My wake-up call was 5:45 am. Left the apartment around 6:30 and got to my planned destination along the parade route, which was Columbus Circle, at 7 am. It was awesome. And I had about 6 other friends joining me so there was a lot of frantic texting back and forth so that we could find each other amid the crowds. Joe from I Still Heart New York found us a great spot along Central Park South/59th Street and 7th Avenue. We had a view of the parade as it passed the top corner of Columbus Circle then moved toward us along 59th Street with the trees of Central Park as a backdrop.

Here are some highlights from the parade:

Spidey floating by

Hello Kitty!

Jessica Simpson
Jessica Simpson

Stars from Macy's Believe campaign
Macy's Believe floats

Parade marchers

Kanye West
Kanye on the Big Red Apple
Unfortunately, Kanye got a lot of boo's from our section along the parade route.
My friend recorded and posted this video and put it on YouTube. Perez Hilton 
soon found it and posted it on his website

And from the day before the parade, the Smurf float set-up on West 81st Street by the Museum of Natural History
Smurf about to take over NYC!


Orbs in the Upper East Side

Time to take a break from Central Park (but not in real life—I spent all day Sunday there and plan to be back the day after Thanksgiving for some more free tours with the conservancy!)

I just wanted to post these photos to let everyone know about an interesting exhibit that is up at the Vilcek Foundation Gallery at 167 East 73rd Street between Lexington and 3rd Avenue. It is up through Thursday, December 9th, so you still have time to see the exhibit if you are in town. They are only open until 6 pm though, but are open on Saturdays. I went 2 Saturdays ago with some photo friends and we had fun interacting with the current exhibit: Toshiko Nishikawa: Senbazuru, which is made up of 1,000  mirrored glass orbs hanging from the ceiling. You can view your changing reflection in the orbs and touch a number of pieces with a slinky-like wire connecting them to the ceiling.


orbs floating

Winter Wonderland scene


Boating on The Lake

Last fall my friends and I went boating on The Lake on a cool October day. I think it was warmer this time around when we went in mid-November! It was the perfect weekend to be in the park, and the same weekend as the 3 tours I went on with the Central Park Conservancy.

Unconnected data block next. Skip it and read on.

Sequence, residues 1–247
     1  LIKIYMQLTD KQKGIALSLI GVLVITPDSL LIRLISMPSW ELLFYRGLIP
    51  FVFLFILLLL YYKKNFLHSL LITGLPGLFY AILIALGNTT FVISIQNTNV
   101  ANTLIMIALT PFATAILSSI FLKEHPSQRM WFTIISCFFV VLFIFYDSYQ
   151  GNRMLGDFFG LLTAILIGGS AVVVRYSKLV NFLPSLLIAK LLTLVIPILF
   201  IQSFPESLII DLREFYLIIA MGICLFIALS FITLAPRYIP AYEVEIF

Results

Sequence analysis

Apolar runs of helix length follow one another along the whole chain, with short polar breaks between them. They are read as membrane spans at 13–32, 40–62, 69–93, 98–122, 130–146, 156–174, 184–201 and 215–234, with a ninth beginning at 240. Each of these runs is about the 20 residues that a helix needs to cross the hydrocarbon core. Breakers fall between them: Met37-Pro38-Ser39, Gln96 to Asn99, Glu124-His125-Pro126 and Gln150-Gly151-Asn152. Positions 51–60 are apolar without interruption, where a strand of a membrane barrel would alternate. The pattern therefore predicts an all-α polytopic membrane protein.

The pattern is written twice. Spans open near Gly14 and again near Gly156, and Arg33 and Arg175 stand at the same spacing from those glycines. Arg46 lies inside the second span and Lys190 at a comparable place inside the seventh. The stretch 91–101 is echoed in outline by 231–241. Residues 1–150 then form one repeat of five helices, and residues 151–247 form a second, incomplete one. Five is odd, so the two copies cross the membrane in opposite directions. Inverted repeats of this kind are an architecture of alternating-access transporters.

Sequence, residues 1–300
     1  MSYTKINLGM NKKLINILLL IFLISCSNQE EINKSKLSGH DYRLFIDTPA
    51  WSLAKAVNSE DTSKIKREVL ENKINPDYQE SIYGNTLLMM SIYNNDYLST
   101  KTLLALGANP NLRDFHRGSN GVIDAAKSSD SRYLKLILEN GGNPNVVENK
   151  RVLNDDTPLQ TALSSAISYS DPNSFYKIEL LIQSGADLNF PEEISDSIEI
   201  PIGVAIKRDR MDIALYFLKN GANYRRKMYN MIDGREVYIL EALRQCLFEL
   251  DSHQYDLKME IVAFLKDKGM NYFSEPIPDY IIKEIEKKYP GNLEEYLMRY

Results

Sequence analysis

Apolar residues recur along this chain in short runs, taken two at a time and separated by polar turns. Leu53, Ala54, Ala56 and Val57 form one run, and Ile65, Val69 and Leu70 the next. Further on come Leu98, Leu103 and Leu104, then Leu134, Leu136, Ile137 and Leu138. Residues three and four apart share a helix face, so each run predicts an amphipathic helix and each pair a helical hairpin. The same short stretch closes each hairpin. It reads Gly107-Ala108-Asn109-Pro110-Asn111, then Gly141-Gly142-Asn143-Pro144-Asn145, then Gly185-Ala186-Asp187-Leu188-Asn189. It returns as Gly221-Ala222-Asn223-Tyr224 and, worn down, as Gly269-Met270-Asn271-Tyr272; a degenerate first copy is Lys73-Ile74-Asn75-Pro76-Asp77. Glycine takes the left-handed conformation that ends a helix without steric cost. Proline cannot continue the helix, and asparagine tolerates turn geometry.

It's been getting colder but I will continue to visit the park just as often because I plan on getting a new digital camera to take nature shots with. I'm thinking of purchasing a Canon Rebel T2i so that I can start learning more technical skills and have more features to work with.

The Boathouse
The Central Park Boathouse

View toward Bow Bridge and the west side of the Park
Central Park lake

After passing under Bow Bridge
Bow Bridge

A turtle sunning himself on a nearby rock

Paddling around The Lake
Boating in Central Park

About to row through a nearby tunnel
Light view

One of 4 wedding photo shoots we saw taking place around The Lake
Wedding on the rocks


Touring Central Park's Sheeps Meadow

After attending 'The Castle and its Kingdom' tour in the upper 70's of Central Park, I walked down Central Park West to 67th Street where the former Tavern on the Green restaurant still stands as what is now a gift shop for the Conservancy and an outdoor dining patio with food trucks. I got some dumplings and a coffee to fuel up for my next tour, called 'Tavern and its Green.' I take these tours very seriously so I need plenty of food before hand so I don't get too distracted!

The tour is described with, Discover the sheepfold that became a world famous restaurant, a parade ground that became the Sheep Meadow, the Children's District, The Mall including its statues and American Elm Trees, and much more.

I was so taken with the fall colors in the trees surrounding Sheeps Meadow and outside the old Tavern on the Green. I enjoyed the walk through The Mall and 'Literary Walk'—named so because of the four statues of famous writers along the way, including one of Shakespeare!

This is by far the most populated part of the park, with people posing for pictures on Bethesda Terrace, recording film projects in the Naumberg Bandshell, skating in the roller derby area and playing volleyball on the sand courts. There are also plenty of kids frolicking in the grassy fields, running back and forth between their parents and the playgrounds, the carousel and the cotton candy vendors... It is a chaotic but comforting area. So familiar and recognizable, yet always new and exciting—a part of the park I've been coming to for years to find the perfect photo opp.

And from there we ended the tour in the exact spot where the ING New York City Marathon finish line lies.

Yellow tree above a hot dog vendor near Sheeps Meadow
Yellow all over

Playful tree

The Mall in Central Park, located mid-park in the lower 70's
The Mall in Central Park

Beneath a canopy of American Elm trees on Literary Walk

View toward Midtown Manhattan from standing above Sheeps Meadow
Midtown View from the Park